Chondrogenic differentiation of BMSCs on PLLA/LP nanofibers

The glycosaminoglycans (GAG) secretion of BMSCs cultured on PLLA/LP nanofibers was evaluated by using 1,9-dimethylmethylene blue (DMMB) assay. GAG is a key marker to identify the process of chondrogenesis and cartilage formation [33]. As shown in Fig. 5A, the GAG production in PLLA/LP groups were higher than that in PLLA group at 21 days, which was increased by 54.29% for PLLA/LP10, 101.07% for PLLA/LP20, 172.56% for PLLA/LP30, and 79.49% for PLLA/LP40. These results indicated that PLLA/LP scaffold had positive effects on GAG secretion for BMSCs. This is important to promote the favorable differentiation of BMSCs at the early stage that will be coupled with the expression of chondrogenic-specific genes [34].

Fig. 5
figure 5

A Quantification of GAG secretion of BMSCs by DMMB assay. BD qRT-PCR was performed to detect the chondrogenic-related genes expression of Col2a1, ACAN, SOX9, Col1a1and Col10a1. E The secretion of collagen type II (Col2a1) was detected by immunofluorescence. Values are presented as the means ± SD, n = 3, different letters denote significances with P < 0.05

The chondrogenic differentiation of the cells were evaluated through quantitative real-time polymerase chain reaction (qRT-PCR) detection of chondrogenic-related genes expression in BMSCs for 21 days. The collagen type II (Col2a1), aggrecan (ACAN), and SRY (sex determining region Y)-box9 (Sox9), collagen type I (Col1a1) and collagen type X (Col10a1) are key genes to distinguish chondrogenesis [35,36,37]. As shown in Fig. 5B–D, the PLLA/LP nanofibers upregulated the gene expression levels of BMSCs compared with PLLA membrane, in especially PLLA/LP30 group. The expression of gene levels on PLLA/LP30 group in 21 days were all higher than that of PLLA group: nearly 300.73% higher for Col2a1, 164.49% higher for ACAN, and 234.09% higher for SOX9. The slow and minimal increase of Col10al throughout the days are the result of its typical expression at a later stage of chondrogenesis towards cartilage maturation and hypertrophy [33]. The low expression of Col10al in PLLA/LP30 indicates that the cell growth is further away from chondrocyte hypertrophy [38]. This is also observed in Col1a1, where it’s downregulated by the 21 days, with PLLA/LP20 and 30 exhibiting the lowest expression. These results suggest that PLLA/LP synergistically enhances chondrogenic differentiation of the BMSCs.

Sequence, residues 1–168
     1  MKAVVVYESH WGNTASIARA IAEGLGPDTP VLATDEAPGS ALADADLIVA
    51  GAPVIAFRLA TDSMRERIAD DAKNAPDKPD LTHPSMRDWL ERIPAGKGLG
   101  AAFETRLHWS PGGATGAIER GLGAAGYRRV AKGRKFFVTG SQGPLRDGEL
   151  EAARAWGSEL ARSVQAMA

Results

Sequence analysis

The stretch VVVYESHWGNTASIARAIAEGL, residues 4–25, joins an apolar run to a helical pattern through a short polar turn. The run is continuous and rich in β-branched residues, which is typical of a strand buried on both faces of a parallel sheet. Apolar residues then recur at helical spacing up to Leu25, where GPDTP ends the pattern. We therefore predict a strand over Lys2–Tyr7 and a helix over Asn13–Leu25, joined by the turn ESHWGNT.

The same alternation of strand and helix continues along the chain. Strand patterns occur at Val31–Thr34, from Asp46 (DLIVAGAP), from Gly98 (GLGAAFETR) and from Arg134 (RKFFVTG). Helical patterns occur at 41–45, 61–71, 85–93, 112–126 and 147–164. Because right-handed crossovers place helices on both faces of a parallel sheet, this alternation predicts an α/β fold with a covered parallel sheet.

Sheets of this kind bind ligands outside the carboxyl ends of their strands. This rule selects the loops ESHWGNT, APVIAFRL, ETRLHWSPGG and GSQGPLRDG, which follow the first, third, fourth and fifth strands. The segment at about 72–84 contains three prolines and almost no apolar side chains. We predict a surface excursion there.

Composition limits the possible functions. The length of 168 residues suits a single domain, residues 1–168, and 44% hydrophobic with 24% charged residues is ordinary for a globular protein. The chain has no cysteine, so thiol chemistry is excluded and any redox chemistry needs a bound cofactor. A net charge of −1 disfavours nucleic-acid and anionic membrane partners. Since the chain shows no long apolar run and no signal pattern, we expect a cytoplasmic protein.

The secretion of collagen type II (Col2a1), which is specific for cartilage, was detected by immunofluorescence. As shown in Fig. 5E, PLLA/LP nanofibers also showed a significantly increased accumulation of Col2a1 after 21 days of culture than PLLA. Moreover, among all the groups, BMSCs on PLLA/LP30 produced the most abundant extracellular matrix that was rich in Col2a1. The abundance of Col2al indicates primary growth in chondrocytes which is consistent within the cartilaginous tissues [16, 37].

PLLA/LP nanofibers promoted cartilage regeneration in vivo

To assess the ability of cartilage regeneration in vivo, the PLLA/LP30 nanofibers were introduced on the surface of the patellar groove of Sprague-Dawley(SD) rat femurs. No synovial hyperplasia and inflammation in each group was observed after 6 weeks treatment on the knee joints (Fig. 6A). After 6 weeks of post-transplantation, only a few reparative tissues in the defect of the control group, and there were distinct boundary between regenerated neo-tissue and original cartilage. The defects in the control group with BMSCs only contained a few regenerated neo-tissue that are related to the surrounding cartilage. In contrast, the repaired neo-tissue tissues observed in the PLLA/LP30 group exhibited compacted and well-integrated with the neighboring cartilage tissue. We further identified the macroscopic observations by the International Cartilage Repair Society (ICRS) scores. The PLLA/LP30 group showed the highest ICRS scores among all the groups, 12.33 ± 2.05 and 18.67 ± 0.94 on week 4 and 6 week 6, respectively (Fig. 6B).

Fig. 6
figure 6